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A microservice architecture is easier to scale than a monolith. But the benefits are not given just like that, otherwise everyone would just saw microservices and would not know grief.

For easy scalability, you have to pay dozens of design hours. To successfully break down the concept of an application into parts, a deep dive is required – to the level where the word “design” does not mean fonts with icons or even UX. As you understand, deep-sea expeditions into the abyss of architecture do not always pay off.

There are six questions, they are asked by the system architects when they want to understand whether it is time to cut microservices or you can get by with a monolith.

How to use questions

Straighten your shoulders, take a deep breath, imagine the next feature you need to fix, and try to honestly answer the questions below.

Every “yes” is a plus in favor of microservice architecture. If you have accumulated a lot of nos, you may be putting unreasonable complexity into the system.

Uneven development

Are parts of the system evolving at different speeds and/or in different directions?

If the components of the system develop unevenly, it is usually appropriate to divide it into microservices. This will allow each component to have an independent lifecycle, potentially reducing the amount of rework in the future.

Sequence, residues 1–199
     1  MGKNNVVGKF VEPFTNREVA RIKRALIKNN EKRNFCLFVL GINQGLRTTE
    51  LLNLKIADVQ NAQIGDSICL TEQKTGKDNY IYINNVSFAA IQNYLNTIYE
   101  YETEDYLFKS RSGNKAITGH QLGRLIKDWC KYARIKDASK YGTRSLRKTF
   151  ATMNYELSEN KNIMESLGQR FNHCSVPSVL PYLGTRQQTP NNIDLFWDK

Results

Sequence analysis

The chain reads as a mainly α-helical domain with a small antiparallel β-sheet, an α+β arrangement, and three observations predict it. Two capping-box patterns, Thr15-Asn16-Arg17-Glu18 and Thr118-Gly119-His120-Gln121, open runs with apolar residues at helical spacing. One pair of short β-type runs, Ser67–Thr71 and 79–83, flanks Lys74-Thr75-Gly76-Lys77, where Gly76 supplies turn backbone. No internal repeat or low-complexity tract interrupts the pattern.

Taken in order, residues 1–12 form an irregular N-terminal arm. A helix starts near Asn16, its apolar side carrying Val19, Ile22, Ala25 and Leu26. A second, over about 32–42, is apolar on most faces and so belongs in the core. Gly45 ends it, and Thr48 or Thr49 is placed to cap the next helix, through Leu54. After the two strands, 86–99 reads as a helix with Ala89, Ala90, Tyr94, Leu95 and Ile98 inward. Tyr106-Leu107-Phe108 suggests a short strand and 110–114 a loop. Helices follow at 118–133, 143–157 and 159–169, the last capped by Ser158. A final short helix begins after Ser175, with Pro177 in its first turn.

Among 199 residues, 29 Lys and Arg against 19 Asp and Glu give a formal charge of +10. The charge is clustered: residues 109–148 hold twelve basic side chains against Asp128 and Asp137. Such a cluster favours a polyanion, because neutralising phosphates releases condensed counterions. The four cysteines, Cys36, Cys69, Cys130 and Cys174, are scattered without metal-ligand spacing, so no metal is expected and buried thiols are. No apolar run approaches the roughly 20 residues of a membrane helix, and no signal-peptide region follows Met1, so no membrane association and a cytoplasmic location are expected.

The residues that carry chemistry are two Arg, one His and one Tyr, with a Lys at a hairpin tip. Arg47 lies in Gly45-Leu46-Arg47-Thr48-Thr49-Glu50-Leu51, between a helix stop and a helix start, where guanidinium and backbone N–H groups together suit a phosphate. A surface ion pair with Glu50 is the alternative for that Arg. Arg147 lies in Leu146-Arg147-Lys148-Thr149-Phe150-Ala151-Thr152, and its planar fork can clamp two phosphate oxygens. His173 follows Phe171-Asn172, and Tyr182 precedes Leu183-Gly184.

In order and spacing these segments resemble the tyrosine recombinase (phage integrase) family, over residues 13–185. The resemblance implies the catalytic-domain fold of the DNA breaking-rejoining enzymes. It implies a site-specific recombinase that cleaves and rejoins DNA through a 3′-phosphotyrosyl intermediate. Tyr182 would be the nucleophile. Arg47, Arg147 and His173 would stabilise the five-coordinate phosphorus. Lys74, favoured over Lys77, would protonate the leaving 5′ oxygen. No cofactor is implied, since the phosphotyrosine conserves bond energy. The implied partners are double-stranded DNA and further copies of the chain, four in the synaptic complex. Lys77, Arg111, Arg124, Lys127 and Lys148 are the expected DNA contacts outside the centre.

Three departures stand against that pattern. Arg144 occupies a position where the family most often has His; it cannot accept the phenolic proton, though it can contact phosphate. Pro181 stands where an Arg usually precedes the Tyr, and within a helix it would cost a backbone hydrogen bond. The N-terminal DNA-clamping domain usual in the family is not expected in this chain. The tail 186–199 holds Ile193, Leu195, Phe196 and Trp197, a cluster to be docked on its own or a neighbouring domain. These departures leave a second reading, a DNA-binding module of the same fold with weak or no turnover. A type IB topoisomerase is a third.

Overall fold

In most complex systems, some modules go untouched for years, while others seem to change every release. And the load on the modules can be different.

For example, we have a service that goes to the backend for the history of client deposits. This data is static, but increases in volume over time, so it is better to issue a history in a separate microservice. So, with related statistical requests, unnecessary information will not be pulled to the front, and we will not once again warm the planet.

No general scalability requirements

Are the load and/or throughput characteristics of the parts of the system very different? Do components have different scalability requirements?

Microservices can scale at different rates. You can check whether this is necessary even with a cursory independent review of the architecture: the requirements for scaling modules are always on the surface.